Photo: World Economic Forum, Flickr
European Central Bank President Mario Draghi has been giving Germans a lot of facetime lately as he seeks to reassure them that the ECB’s new bond market intervention program, OMT, will not cause unwanted inflation.Last week, Draghi went before the German Bundestag to defend the policy.
Today, there is a long interview with Draghi in Der Spiegel allowing the central bank chief to do the same. The interviewers, Michael Sauga and Anna Seith, do a good job of voicing all of the typical German concerns in their questions. And the ECB president mostly reiterates many of the same defenses of OMT he’s given publicly before.
Draghi did make one interesting comment, though, explaining why he has a personal commitment to containing inflation.
Here is the exchange:
SPIEGEL: At the start of Monetary Union, Germans were promised that the ECB would behave like a second Bundesbank, the country’s central bank. Many people here now speak of a new Banca d’Italia, which tolerated double-figure inflation rates in the 1970s.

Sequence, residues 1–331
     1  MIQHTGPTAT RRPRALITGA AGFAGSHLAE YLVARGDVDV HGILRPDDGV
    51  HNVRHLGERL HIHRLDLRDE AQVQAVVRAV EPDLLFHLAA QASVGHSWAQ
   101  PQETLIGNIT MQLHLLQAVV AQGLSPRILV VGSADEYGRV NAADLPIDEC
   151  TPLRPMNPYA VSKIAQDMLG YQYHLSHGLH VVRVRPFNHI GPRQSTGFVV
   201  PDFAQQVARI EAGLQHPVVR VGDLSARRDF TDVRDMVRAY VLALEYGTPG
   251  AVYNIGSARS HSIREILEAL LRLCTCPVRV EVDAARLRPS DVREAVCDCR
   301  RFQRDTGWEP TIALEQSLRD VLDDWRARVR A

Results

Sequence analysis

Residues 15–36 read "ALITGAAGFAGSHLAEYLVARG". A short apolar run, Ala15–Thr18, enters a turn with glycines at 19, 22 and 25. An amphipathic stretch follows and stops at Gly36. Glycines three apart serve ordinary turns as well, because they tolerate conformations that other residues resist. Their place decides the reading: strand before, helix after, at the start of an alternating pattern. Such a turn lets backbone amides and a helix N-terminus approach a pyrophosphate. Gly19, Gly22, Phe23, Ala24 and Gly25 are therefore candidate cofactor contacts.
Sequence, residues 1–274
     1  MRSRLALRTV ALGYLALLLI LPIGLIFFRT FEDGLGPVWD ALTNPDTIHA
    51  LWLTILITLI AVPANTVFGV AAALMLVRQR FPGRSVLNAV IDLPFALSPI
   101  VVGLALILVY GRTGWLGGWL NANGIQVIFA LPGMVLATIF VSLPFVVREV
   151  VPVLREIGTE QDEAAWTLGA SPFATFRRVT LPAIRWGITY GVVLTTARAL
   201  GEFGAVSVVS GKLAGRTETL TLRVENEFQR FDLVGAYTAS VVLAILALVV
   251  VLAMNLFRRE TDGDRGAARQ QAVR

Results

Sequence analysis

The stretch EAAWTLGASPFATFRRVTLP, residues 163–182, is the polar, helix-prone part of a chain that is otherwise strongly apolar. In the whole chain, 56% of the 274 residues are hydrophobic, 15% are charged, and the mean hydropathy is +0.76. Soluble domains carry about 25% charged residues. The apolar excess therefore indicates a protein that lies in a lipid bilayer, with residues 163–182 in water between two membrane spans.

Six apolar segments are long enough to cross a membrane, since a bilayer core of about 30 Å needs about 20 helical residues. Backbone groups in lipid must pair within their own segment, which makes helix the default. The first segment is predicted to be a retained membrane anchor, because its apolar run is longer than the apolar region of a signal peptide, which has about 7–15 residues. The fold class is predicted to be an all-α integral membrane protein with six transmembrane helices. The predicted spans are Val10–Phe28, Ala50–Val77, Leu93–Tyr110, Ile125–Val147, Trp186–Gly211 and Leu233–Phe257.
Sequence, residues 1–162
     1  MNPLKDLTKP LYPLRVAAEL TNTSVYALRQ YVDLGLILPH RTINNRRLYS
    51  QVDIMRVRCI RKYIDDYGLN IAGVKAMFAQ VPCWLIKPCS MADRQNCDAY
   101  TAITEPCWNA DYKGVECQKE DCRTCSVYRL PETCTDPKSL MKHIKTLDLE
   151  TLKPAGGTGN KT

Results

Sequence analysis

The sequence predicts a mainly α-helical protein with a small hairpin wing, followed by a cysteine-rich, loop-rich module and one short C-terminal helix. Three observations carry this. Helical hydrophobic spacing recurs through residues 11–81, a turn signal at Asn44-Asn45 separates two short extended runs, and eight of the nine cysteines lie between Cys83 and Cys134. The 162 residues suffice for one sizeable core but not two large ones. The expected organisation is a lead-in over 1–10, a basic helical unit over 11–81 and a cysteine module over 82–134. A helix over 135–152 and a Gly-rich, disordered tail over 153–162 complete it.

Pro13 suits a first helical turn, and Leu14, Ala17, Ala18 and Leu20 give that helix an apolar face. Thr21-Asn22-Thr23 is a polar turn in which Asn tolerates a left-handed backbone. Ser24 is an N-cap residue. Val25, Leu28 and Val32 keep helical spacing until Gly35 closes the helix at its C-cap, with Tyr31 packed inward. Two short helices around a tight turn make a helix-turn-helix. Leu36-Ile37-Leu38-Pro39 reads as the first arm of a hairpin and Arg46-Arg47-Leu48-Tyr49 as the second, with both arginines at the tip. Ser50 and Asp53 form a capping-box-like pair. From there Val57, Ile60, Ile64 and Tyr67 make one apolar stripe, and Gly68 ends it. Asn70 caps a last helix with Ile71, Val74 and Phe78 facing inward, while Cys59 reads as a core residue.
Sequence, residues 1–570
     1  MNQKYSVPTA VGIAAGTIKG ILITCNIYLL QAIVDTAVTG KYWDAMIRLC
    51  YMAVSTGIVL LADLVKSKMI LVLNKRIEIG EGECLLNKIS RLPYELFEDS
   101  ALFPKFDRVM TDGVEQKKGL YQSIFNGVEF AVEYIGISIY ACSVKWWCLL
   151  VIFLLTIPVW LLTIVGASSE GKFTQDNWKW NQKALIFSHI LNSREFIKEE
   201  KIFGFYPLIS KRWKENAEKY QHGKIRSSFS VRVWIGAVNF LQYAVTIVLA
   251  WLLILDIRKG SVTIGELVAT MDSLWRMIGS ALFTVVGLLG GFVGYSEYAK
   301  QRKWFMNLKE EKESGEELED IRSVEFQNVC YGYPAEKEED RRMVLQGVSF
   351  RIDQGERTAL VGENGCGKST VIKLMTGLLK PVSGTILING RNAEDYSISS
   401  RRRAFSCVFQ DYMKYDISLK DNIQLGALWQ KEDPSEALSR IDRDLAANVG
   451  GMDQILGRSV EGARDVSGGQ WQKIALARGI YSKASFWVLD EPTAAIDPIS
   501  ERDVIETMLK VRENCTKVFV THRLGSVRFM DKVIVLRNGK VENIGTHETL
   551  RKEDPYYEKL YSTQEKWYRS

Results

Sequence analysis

Draghi: I consider such accusations, to put it mildly, inelegant. For two reasons: in the 1970s, the Banca d’Italia was not independent. Today, the situation is completely different. But there is also a personal reason. Because of inflation, my family lost a large part of its savings at that time. You can therefore rest assured that I am personally and not only professionally committed to delivering price stability.
That was after Draghi had already addressed fears about Weimar, about which he said, “In some cases, such as in the Weimar Republic, printing money caused inflation. But in other cases, proactive central bank action did not.”
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